Since the Trump inauguration, National Parks have been in the spotlight.
The U.S. Department if the Interior (DOI), which is charged with protecting and managing the Nation's natural resources and cultural heritage - including the National Park Service - was put under a de facto gag order and temporary social media blackout after the National Park service tweeted photos which compared turnout at the Obama and Trump inaugurations.
The original tweet was deleted, and the NPS apologized. You can check out photos released by the NPS this week in a response to a Freedom if Information Act (FOIA) request here. A quick Google search will also yield multiple screen shots of the original tweet, many with hilarious commentary.
In a delightful twist, the Badlands National Park went rogue - and viral - in response to the twitter ban, releasing a series of defiant tweets on climate change. The DOI's mission and mandate includes providing scientific information about the resources it manages.
The original tweets were removed, but you can find the Alternative National Park movement that has sprung up in their wake on Facebook and Twitter using the handle @AltNatParkService, or sign up to join the movement on their website:
"You can shut down the use of our social media accounts, but you cannot shut down the internet or take control of what we do with our personal time! We only wish to protect and preserve the environment for future generations to come."
Our amazing network of National Parks crossed my radar this past fall when my husband and I visited and hiked in Great Smoky Mountain National Park in Tennessee. A few pictures from our trip are at the bottom of this post. The park was majestic, pristine, and free to enter (making me wonder not a few times why I hadn't been taking better advantage of this fantastic resource all of these years.)
The National Park Service official website quotes Pulitzer-prize-winning writer, novelist, and environmentalist Wallace Stegner:
"National parks are the best idea we ever had. Absolutely American, absolutely democratic, they reflect us at our best rather than our worst."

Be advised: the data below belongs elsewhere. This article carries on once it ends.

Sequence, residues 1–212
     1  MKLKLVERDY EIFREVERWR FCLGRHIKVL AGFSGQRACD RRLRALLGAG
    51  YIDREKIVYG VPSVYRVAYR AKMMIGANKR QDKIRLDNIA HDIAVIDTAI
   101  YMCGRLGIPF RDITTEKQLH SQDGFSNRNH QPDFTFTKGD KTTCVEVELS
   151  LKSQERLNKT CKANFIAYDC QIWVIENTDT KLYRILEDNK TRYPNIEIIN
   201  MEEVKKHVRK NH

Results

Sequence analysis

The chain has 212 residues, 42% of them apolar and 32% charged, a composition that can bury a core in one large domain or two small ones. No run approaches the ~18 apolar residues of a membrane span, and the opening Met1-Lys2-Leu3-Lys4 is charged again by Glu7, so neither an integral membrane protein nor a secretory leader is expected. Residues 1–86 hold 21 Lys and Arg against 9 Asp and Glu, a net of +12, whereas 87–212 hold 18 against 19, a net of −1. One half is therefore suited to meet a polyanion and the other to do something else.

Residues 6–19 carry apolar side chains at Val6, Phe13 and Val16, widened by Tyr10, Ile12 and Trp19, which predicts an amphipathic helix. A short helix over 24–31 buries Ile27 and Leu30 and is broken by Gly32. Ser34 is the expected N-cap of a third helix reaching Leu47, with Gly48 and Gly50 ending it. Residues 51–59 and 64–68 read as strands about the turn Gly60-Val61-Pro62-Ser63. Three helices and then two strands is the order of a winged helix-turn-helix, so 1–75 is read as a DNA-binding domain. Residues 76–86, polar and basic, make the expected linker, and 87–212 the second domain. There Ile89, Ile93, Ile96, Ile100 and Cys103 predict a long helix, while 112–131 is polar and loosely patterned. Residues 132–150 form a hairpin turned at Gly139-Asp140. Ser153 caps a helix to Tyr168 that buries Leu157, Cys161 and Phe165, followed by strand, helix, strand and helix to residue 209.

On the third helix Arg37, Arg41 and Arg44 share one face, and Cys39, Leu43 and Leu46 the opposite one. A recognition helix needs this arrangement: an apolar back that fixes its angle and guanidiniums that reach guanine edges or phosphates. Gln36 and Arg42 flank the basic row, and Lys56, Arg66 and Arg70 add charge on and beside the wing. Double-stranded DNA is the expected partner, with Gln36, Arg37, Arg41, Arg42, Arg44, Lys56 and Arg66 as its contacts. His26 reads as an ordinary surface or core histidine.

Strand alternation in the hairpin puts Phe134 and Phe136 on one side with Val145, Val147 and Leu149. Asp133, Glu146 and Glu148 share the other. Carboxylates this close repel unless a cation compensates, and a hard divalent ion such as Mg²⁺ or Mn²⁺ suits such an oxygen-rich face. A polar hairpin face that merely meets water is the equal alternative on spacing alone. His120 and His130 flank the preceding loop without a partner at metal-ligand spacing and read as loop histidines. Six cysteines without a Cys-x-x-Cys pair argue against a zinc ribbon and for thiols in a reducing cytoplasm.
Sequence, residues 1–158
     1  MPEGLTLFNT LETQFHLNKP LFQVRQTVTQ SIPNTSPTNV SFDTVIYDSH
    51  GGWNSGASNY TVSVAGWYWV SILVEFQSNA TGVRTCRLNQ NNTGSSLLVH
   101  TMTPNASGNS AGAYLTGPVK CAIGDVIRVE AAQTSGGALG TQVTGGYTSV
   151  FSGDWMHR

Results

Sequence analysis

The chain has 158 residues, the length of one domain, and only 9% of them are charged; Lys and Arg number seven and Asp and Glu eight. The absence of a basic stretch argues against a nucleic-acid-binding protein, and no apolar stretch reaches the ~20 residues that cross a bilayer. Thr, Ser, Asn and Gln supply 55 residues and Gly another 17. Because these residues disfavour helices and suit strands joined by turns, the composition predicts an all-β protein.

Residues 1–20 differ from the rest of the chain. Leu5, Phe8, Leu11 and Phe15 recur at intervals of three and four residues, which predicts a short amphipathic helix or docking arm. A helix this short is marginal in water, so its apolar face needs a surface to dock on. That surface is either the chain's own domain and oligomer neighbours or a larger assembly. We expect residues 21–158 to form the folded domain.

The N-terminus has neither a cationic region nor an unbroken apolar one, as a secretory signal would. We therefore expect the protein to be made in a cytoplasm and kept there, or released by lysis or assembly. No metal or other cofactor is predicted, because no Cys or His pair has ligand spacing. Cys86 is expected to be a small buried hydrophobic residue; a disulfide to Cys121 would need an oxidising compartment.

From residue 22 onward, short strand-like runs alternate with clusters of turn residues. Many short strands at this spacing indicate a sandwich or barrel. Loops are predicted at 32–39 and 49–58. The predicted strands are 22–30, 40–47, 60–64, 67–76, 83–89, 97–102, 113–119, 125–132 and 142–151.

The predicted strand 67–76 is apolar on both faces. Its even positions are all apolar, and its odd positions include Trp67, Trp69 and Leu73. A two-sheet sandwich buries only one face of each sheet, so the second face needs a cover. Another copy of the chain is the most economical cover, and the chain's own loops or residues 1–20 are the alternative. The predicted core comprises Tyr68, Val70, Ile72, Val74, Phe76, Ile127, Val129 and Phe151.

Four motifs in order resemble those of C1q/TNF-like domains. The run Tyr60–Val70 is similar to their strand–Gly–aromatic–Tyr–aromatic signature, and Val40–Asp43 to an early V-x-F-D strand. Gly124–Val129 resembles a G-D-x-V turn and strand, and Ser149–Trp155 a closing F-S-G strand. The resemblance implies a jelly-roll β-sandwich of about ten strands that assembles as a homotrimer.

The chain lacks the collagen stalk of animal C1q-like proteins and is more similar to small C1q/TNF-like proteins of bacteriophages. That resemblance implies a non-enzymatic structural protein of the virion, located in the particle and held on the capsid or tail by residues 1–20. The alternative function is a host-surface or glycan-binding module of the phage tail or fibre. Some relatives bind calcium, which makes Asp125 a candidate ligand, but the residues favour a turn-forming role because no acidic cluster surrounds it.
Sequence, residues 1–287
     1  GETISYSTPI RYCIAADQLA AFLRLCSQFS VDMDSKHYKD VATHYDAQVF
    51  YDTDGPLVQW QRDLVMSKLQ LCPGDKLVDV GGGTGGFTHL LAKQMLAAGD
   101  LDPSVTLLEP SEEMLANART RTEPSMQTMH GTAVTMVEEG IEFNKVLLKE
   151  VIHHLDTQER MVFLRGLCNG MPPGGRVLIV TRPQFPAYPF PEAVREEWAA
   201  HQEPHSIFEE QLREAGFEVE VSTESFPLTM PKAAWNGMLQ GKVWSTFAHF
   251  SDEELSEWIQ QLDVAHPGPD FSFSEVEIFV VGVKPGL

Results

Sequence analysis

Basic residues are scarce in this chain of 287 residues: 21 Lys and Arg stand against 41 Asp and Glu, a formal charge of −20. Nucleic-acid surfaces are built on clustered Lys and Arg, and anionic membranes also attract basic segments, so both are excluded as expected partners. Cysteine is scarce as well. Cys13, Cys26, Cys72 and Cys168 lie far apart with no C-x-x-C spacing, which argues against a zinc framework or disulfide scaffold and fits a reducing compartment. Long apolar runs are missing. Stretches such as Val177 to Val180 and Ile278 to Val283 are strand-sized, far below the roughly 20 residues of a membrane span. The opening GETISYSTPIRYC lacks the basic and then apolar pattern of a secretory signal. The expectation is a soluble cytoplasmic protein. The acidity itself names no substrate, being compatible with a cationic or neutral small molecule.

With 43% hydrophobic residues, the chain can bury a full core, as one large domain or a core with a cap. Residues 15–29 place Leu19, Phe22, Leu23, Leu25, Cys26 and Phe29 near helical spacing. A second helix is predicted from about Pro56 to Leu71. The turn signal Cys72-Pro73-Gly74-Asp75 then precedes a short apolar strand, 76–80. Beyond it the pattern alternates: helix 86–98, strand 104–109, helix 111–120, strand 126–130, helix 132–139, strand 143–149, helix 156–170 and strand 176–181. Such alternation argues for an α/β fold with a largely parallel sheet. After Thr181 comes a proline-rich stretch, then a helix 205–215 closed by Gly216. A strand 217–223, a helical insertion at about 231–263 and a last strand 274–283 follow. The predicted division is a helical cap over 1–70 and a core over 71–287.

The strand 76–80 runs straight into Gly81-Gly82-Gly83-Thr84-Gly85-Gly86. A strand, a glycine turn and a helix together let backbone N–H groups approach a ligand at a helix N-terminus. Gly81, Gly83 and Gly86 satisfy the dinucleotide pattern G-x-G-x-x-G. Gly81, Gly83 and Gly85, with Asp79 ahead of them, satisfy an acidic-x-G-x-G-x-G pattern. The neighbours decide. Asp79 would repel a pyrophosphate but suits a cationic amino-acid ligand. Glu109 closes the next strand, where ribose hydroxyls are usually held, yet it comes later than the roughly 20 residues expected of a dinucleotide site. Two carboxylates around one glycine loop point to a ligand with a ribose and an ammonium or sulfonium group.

Soon, many of our national parks could be under a greater threat than a twitter blackout.
On Jan 30, 2017, Rep. Paul Gosar of Arizona introduced a resolution that would repeal safety and enforcement standards for oil and gas drilling in more than 40 national parks under updates to the National Park Service 9B rules which went into effect in 2016.
The 9B rules apply to national parks in which the federal government owns the surface lands, but private companies mineral rights below the surface. According to the independent, non-partisan National Parks Conservation Association (I highly recommend checking out their site - it's beautifully done, and includes travel tips):
"This situation is called a 'split estate,' and it presents a potential for conflict when a private company exercises its rights to extract minerals while the Park Service tries to uphold its legal mandate to leave parks 'unimpaired for the enjoyment of future generations...'
If the 9B updates are repealed, the Park Service would revert back to the outdated rules from 1978. The 319 wells would become exempt from badly needed safety upgrades, taxpayers would remain on the hook for millions of dollars in cleanup costs, law enforcement would not have the authority to enforce safety compliance, and the Park Service could not charge drillers for damaging national park lands."
You can find out more and take action here.